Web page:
The Congressional Budget Office has estimated that if the provision were struck from the law, fewer healthy people would purchase insurance and the result would be a 15 to 20 percent increase in premiums in the individual market. It also predicted that the number of uninsured Americans would be 23 million in 2019 under the current law, but that would rise to 39 million if the courts repealed or overturned the mandate.

What's being discussed: Republicans have been especially vehement in their opposition to this part of the law. They argue that it's unconstitutional to force individuals to purchase a product, and about two dozen states are challenging the provision in court. The issue is expected to work its way to the Supreme Court. Even some Democrats who supported the law, such as Sens. Claire McCaskill of Missouri and Ben Nelson of Nebraska, have acknowledged that they'd like to explore other options to guarantee that the insurance pool is robust. Among the options different groups are promoting are limiting insurance-plan enrollment to specific times or imposing penalties on those who don't enroll when they first become eligible, and dropping the mandate but offering consumers an incentive — such as a tax credit — if they buy insurance.


What's in the law: This 15-member board, whose members are to be nominated by the president and confirmed by the Senate, is tasked with curbing the growth rate in Medicare spending. Beginning in January 2014, the board will recommend ways to reduce the growth of Medicare spending that will be implemented automatically in the 2015 fiscal year unless Congress comes up with its own solution for slowing spending. Congress also may vote, by a supermajority, to reject the recommendations and send the bill to the president, who can sign or veto the measure. Congress and the advisory board face statutory deadlines for action.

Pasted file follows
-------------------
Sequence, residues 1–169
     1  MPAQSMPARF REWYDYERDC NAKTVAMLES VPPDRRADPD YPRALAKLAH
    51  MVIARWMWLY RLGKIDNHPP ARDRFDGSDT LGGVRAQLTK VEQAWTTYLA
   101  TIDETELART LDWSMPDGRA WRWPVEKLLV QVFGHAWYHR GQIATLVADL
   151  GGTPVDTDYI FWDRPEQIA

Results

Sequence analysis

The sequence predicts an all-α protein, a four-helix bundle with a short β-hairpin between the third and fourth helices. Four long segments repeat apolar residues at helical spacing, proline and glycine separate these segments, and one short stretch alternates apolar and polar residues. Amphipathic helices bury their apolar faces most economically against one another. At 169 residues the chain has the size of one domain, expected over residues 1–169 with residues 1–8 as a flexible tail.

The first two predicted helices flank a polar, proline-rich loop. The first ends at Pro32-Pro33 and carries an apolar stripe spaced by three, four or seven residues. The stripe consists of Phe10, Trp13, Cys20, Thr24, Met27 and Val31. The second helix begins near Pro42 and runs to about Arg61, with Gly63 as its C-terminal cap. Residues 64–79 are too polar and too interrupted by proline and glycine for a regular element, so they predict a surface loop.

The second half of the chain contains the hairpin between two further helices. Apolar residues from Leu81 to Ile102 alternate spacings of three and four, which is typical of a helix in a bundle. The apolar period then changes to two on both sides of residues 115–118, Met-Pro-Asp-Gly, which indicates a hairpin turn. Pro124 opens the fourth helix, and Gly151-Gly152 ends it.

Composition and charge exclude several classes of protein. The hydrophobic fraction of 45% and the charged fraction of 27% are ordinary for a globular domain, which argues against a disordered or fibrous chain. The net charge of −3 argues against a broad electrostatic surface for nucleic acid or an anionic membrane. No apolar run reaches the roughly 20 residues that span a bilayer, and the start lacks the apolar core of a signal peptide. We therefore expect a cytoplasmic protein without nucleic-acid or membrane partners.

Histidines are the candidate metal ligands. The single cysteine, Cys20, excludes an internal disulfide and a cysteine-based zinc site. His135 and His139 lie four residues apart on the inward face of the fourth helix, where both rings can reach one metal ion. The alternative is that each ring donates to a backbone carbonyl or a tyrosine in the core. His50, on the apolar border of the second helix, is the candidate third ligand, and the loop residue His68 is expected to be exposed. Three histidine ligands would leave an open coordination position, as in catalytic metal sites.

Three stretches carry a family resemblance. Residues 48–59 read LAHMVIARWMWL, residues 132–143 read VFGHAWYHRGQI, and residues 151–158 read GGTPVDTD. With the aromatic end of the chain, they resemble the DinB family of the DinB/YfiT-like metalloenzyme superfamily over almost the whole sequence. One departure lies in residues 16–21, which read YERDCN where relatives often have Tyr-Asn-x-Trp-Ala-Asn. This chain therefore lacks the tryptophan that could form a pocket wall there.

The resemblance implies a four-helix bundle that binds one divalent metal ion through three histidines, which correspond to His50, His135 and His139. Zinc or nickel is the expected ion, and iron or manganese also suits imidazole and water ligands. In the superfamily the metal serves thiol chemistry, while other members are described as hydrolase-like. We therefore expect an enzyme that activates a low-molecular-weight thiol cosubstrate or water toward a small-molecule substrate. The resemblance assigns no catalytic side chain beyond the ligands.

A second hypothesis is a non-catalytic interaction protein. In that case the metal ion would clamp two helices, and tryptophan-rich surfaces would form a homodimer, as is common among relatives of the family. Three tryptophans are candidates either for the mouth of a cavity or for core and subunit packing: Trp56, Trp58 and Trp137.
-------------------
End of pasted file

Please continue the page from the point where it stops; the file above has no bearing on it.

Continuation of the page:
Purpose: Efforts by Congress to rein in Medicare spending have been met by repeated resistance from special interests, making it difficult for lawmakers to slow health care spending. The advisory board is supposed to make the hard decisions on spending that Congress has been unable to implement.

What's being discussed: Republicans see the board as another expansion of government in health care, while many House Democrats oppose having an independent board exercise control over Medicare. Many powerful interests — including doctors, drug companies, hospitals and patients-rights groups — have begun lobbying Congress to get rid of the advisory board provision. They say they're worried that the cuts will be draconian, disrupting the health care system.


What's in the law: Starting this year, people who put money into pretax flexible spending accounts no longer can use those funds to buy over-the-counter medications or health care products unless they have prescriptions. Starting in 2013, contributions to those accounts will be capped at $2,500 a year.